How to Use Esquire or Esq.

For how to address a lawyer or an attorney see How to Address an Attorney 
See also information on use of Post-nominal Abbreviations.

Esq. as a Post-Nominal for Lawyers in the USA

How to Use Esquire or Esq.
How Do I Use ‘Esquire’ With My Name?

I am not sure if I should write my name followed by:
—-Esq., J.D.
—-Esq., Dr.
—-Dr., Esq.
—-Esq.
—-or
—-J.D.
Any help would be appreciated.
—-—-—-– Kenneth Millard   How to Use Esquire or Esq.

I am an attorney and I do not use Esq. following my surname. Although I am a practicing attorney, it strikes me that to insert the Esq. would project a self-importance I do not feel. What’s the traditional way to use Esq.?
—-—-—-– Robert Simpson

Dear Mr. Millard & Mr. Simpson:
In the much of the U.S.’s public’s mind Esq. is used after a name to identify a lawyer in exactly the same way M.D. and other post-nominals that identifies one as a physician. But in fact, they are not equivalent.

The traditional use of Esq. is in the U.S.A. is for others to add it to the attorney’s name when writing to a practicing attorney (e.g., on and envelope or on a letter) to note/specify that the attorney is being addressed in his or her role as counsel in litigation / as professional representation in a legal matter. E.g.:

—-Kenneth Millard, Esq.
—-(Address)

Use of Esq. is important among the ethics rules of the legal profession which require communications from an attorney (on one side) be with the opposing side’s attorney rather than directly with the opposing side. By addressing the other side’s attorney as Esq., the person initiating the communication is being clear that he or she is following correct procedure.

However, traditionally Esq. is not used reflexively … that is, one does not call oneself an Esq. or present one’s name on letterhead or business card with Esq.  following one’s name.  Thus, on a business card or letterhead names of the principals, partners, associates, are be presented without post nominals:

—-Kenneth Millard
—-Attorney at Law

J.D. is most often used in academic contexts. If you are the author of an article that’s published in an academic journal or teach at a university and are listed in the catalog, then using your specific academic degree is pertinent and traditional:

—-Kenneth Millard, J.D.   How to Use Esquire or Esq.

Forms of Address: How a conversation begins can have a huge impact on how the conversation - even the entire relationship - develops.

And finally: Esq. and J.D. are not used in combination.  It is very, very, very rare for a person holding a J.D. to want to be addressed as ‘Dr. (Name)’.  Dr. is not used after an attorney’s name in any circumstance.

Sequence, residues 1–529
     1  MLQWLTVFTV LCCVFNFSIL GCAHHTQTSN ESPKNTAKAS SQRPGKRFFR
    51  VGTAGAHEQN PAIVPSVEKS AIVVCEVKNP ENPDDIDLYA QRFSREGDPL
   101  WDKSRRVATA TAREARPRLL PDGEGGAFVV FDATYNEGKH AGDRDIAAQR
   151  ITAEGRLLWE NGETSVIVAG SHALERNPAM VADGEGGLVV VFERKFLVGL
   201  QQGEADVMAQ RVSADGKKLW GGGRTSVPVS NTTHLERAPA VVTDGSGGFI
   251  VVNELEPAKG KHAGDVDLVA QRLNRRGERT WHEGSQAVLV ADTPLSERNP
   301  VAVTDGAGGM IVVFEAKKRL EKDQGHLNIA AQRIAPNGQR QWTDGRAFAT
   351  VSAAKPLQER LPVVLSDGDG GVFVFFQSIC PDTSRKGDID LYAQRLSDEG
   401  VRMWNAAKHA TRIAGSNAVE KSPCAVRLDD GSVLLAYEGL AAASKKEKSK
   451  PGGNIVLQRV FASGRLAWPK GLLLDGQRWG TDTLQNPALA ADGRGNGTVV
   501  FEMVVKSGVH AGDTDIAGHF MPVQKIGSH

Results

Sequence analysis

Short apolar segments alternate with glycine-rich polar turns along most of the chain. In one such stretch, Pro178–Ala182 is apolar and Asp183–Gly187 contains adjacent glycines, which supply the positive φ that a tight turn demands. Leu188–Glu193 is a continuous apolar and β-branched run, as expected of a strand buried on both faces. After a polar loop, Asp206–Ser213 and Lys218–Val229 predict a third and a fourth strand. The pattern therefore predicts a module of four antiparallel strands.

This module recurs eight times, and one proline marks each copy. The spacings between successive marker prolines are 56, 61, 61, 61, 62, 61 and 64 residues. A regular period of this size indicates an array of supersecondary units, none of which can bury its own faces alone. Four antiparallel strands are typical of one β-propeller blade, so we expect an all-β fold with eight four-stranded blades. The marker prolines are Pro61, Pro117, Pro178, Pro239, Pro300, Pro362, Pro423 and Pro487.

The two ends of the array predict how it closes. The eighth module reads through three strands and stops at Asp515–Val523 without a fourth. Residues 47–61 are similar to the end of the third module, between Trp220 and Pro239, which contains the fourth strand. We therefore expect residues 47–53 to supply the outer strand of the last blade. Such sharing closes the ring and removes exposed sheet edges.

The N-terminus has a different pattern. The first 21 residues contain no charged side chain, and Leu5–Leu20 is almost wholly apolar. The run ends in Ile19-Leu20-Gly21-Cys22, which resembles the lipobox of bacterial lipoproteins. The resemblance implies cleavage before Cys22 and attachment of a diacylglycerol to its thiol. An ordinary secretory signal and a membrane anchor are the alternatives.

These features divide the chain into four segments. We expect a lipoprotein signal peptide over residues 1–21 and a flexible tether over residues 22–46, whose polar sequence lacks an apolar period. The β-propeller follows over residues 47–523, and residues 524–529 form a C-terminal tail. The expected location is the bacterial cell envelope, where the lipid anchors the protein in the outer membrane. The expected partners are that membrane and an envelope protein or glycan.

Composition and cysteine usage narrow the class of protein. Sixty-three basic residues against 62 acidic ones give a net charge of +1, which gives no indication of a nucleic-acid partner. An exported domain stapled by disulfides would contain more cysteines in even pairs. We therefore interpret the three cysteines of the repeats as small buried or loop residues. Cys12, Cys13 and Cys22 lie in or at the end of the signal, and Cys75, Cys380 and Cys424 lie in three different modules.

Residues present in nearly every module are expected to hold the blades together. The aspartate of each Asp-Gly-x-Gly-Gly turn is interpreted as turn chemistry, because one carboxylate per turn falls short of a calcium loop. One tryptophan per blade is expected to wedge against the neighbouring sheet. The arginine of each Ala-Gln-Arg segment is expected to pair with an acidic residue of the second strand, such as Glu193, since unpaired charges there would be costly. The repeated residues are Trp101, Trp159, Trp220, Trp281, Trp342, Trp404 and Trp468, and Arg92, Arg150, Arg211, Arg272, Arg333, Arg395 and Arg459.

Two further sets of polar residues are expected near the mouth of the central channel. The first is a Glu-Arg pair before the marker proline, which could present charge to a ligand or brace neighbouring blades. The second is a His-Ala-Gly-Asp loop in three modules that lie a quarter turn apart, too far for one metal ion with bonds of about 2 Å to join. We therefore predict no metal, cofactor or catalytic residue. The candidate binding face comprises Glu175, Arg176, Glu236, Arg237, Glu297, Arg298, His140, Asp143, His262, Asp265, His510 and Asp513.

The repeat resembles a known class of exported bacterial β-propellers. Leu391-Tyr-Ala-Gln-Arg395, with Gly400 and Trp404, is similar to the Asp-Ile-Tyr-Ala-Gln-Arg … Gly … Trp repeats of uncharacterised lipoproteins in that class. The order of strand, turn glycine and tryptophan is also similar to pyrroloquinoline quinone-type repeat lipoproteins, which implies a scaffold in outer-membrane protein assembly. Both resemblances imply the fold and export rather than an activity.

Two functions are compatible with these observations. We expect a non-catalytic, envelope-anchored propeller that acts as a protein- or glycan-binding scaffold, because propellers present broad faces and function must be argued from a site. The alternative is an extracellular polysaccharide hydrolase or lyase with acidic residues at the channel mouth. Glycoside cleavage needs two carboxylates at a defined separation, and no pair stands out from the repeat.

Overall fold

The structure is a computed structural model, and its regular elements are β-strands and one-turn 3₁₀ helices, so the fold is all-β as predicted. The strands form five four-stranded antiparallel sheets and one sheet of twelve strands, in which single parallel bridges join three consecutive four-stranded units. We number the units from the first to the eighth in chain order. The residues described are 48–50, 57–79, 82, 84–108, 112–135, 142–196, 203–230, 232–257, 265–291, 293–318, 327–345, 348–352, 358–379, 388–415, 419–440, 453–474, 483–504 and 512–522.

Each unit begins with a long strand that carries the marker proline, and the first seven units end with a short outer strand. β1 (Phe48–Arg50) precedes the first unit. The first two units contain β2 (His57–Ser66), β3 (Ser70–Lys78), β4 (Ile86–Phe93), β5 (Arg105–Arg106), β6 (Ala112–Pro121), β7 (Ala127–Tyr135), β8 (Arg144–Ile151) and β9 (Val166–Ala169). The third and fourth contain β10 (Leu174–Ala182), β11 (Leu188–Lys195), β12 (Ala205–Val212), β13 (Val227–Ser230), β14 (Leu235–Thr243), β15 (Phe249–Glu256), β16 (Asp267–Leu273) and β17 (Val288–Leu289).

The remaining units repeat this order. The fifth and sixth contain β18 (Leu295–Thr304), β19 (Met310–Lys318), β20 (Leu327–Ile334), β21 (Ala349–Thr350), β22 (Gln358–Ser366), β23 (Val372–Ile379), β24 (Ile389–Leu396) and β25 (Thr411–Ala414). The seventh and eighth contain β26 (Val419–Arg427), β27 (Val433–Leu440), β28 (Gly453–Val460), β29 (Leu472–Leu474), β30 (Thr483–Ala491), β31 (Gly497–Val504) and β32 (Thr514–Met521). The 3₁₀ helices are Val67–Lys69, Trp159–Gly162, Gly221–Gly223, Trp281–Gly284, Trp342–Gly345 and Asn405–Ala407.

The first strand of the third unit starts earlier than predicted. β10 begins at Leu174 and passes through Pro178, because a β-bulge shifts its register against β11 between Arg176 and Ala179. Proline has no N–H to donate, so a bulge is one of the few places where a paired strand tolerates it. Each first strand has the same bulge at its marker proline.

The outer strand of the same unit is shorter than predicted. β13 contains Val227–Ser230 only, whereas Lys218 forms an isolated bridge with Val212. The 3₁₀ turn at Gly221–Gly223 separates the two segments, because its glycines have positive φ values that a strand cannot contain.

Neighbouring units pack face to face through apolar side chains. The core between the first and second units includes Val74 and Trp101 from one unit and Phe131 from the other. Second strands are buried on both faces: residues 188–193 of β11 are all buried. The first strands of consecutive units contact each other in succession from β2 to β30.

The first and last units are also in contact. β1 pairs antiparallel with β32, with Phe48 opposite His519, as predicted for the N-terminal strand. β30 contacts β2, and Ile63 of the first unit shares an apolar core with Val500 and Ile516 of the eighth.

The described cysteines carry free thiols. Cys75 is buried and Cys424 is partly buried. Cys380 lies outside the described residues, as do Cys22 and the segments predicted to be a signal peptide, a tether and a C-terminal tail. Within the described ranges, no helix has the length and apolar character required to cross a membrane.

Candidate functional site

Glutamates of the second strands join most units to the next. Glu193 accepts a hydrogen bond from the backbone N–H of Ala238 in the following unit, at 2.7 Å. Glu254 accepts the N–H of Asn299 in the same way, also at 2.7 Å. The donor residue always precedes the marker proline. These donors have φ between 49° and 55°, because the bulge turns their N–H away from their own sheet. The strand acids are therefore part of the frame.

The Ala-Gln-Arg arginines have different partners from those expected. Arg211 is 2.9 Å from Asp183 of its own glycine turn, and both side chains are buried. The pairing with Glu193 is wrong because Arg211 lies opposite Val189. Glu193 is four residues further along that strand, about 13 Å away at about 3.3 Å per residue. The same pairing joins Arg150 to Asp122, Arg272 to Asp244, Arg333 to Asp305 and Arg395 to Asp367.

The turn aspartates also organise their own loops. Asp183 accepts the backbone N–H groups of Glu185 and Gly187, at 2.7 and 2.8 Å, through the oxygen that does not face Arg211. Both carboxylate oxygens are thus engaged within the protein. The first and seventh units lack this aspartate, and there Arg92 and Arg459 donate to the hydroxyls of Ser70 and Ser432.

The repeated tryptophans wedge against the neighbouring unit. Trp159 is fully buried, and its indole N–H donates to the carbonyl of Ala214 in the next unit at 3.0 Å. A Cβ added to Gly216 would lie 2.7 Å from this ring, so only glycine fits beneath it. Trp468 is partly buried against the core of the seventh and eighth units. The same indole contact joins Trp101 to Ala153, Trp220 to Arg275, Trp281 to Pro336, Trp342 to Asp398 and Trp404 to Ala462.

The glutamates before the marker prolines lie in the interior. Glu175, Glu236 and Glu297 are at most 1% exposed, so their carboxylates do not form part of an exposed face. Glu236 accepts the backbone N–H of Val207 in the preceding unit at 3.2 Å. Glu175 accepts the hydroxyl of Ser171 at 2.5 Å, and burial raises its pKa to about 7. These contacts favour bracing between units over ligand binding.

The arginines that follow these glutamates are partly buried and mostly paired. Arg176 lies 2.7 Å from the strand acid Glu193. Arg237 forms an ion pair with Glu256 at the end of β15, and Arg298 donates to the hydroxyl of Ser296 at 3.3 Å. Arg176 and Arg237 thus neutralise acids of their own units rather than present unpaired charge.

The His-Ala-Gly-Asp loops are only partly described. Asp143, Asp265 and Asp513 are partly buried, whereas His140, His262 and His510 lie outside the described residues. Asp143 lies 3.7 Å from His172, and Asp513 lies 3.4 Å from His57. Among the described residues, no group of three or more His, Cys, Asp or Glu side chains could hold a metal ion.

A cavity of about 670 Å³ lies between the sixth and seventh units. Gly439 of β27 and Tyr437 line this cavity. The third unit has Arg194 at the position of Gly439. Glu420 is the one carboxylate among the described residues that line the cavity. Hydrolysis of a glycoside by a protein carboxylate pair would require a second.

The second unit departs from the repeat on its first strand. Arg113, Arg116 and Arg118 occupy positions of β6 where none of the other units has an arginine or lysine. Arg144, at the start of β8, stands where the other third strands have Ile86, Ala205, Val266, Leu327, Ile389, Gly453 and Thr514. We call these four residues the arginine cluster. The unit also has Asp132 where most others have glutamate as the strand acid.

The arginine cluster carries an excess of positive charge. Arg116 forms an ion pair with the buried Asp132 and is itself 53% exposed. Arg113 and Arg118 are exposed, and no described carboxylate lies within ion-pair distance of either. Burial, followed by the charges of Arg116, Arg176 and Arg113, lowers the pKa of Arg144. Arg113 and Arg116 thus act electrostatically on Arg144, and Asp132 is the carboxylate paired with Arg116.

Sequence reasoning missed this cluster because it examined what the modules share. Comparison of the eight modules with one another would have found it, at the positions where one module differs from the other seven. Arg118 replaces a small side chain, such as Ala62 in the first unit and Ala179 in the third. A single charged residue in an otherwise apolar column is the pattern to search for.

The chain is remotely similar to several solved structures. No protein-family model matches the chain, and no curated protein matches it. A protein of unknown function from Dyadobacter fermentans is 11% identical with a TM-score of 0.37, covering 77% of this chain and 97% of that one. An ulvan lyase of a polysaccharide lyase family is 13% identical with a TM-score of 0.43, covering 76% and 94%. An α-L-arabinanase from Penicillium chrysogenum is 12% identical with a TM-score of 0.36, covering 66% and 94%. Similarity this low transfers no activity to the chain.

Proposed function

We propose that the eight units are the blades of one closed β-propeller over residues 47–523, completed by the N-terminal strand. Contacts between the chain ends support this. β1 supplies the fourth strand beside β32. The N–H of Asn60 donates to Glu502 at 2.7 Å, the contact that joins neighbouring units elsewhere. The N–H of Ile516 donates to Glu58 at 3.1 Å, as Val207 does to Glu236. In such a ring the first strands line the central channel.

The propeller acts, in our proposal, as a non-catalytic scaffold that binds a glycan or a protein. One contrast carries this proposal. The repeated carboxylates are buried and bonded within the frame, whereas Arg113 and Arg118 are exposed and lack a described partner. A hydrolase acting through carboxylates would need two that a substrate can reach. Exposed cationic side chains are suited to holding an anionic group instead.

– Robert Hickey

How to Use Esquire or Esq.

Is ‘Esquire’ Used with Academic Degrees?

I live in the U.S., am a registered pharmacist – D.Ph. and I have a Juris Doctor – J.D.: I am a member of my State Bar Association so I believe I may use Esq.  Can I use Esquire after my name along with my D.Ph.?
————– RD

What is the correct order for Esq. among professional post-nominal abbreviations?  Last?   The other degree I want to include is J.D.
————– MB

Dear RD and MB:

—-#1) Others will address you as  (Full Name), Esq. when they are addressing you in reference to legal matter in which you are providing counsel.

—-#2) Post-nominals for academic degrees are not used with Esq.

—-#3) Esq. is not an abbreviation for an academic degree, so it is not part of the official form of one’s name.

—-#4) Use J.D. after your name only in academic settings.

– Robert Hickey   How to Use Esquire or Esq.

Not Finding Your Question Answered?

—-#1)  At right on desktops, at the bottom of every page on tablets and phones, is a list of all the offices, officials & topics covered on the site.

—-#2)  After checking the list and reading the posts, if you don’t see your question answered send me an e-mail. I am pretty fast at sending a reply: usually the next day or so (unless I am traveling.)  Note: I don’t have mailing or Email addresses for any of the officials and I don’t keep track of offices that exist only in history books.

—-#3)  If I think your question is of interest to others, I will post the question & answer – always changing the names and specifics.

— Robert Hickey

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